Students who wish to study Electronic and Computer Engineering apply to the Engineering degree (TR032). The first two years are common to all Engineering students and at the end of the second-year students select the joint programme in Electronic and Computer Engineering as their specialist area.
Organising both hardware (electronic) and software (computer) components into a useful and productive system is the principal job of the electronic and computer engineer. With a unique combination of both skill-sets, such an engineer is trained to make design decisions that achieve the best results.
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The variety of careers open to graduates of Electronic and Computer Engineering range from designing embedded processors for a wide range of applications, through network design and management in telecommunications companies, to opportunities in business and financial management where the analytic and problem-solving skills of electronic and computer engineers have long been appreciated. Companies employing Electronic and Computer Engineering graduates include Google, Intel, Movidius and Accenture.
This degree option blends aspects of both the Electronic and Computer Engineering.
You will be given a foundation in how analogue and digital electronic circuits work, delve into how information is coded and transmitted across noisy channels (such as the radio links used in mobile phone networks and satellite communication) and learn how these complex channels can be crafted into world-wide networks, such as the Internet – on which we all depend. On the computing side, you will learn how the basic analogue and digital circuits combine to form complex processors (CPUs), how these are programmed at machine level (assembly language) and how operating systems (such as Linux and Windows) make the machine capabilities accessible for high level application programmers.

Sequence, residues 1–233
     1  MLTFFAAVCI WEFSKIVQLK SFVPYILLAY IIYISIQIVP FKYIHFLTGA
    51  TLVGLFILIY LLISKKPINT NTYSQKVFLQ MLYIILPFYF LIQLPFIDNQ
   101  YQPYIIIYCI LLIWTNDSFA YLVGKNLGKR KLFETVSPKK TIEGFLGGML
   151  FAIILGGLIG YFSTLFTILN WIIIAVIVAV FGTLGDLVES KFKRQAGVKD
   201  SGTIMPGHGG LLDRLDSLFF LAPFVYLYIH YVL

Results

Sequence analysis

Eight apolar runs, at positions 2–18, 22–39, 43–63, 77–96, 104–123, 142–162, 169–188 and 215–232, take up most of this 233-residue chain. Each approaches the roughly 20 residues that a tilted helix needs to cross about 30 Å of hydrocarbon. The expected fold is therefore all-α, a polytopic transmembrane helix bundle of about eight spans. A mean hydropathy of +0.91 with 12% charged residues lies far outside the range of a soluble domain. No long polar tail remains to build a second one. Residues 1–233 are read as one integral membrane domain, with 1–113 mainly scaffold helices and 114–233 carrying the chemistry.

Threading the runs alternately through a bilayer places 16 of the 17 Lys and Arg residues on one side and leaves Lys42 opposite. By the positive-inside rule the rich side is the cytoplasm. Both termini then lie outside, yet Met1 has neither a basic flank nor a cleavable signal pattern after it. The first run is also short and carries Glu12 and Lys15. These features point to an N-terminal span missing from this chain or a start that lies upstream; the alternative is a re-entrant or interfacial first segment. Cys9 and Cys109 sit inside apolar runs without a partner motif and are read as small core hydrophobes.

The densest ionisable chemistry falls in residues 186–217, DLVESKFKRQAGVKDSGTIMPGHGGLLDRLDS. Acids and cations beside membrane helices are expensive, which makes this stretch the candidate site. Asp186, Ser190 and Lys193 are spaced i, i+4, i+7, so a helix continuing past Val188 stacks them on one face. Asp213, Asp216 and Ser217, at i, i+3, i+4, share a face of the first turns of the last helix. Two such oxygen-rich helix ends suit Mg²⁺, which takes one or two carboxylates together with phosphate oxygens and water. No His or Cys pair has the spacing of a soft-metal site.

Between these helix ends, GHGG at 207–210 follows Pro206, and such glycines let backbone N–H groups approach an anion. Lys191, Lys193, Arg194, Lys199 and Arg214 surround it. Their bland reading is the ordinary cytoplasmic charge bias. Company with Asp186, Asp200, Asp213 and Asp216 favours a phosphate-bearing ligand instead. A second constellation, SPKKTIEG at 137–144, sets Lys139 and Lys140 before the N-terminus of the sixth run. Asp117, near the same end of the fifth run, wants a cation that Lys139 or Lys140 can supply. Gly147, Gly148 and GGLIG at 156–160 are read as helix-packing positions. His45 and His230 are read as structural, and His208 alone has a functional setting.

By the time you get to the fourth year, you are ready to undertake a major individual Capstone project which you can choose from an extensive menu offered by staff or you can opt to take an internship with an employer in the computing and electronics industries (multinational, local company or start-up).
You can choose from a range of modules exploring how computers can render complex graphics, how they can see and understand video images and how this can be used with headset hardware for augmented reality. You can further explore how hackers break into computer systems and how to defend against attack. Students will also have the opportunity to choose specialist telecommunications and signal processing modules.
There may also be the opportunity to undertake a placement in industry or with a research group or to spend some time studying abroad through the Unitech, Erasmus or Cluster programmes.
The fifth (optional) year leads to a master’s degree (MAI) in engineering and it is here that students get to carry out a major dissertation on a topic of their choice. As with the fourth year project, the topic could be anything from wireless communications, signal processing systems, biomedical devices and systems, helping to manage huge cloud computing facilities, through novel face-recognition algorithms to uncovering fraud in bitcoin transactions.
To support your work on the dissertation, you can take a number of optional courses in the first semester including: Digital Media Systems; Speech and Audio Engineering; Statistical Signal Processing; Wireless Networks and Communications; Distributed Systems; Fuzzy Logic; Formal Methods; Advanced Computer Architecture; Networked Applications; Artificial Intelligence and Real-time Animation.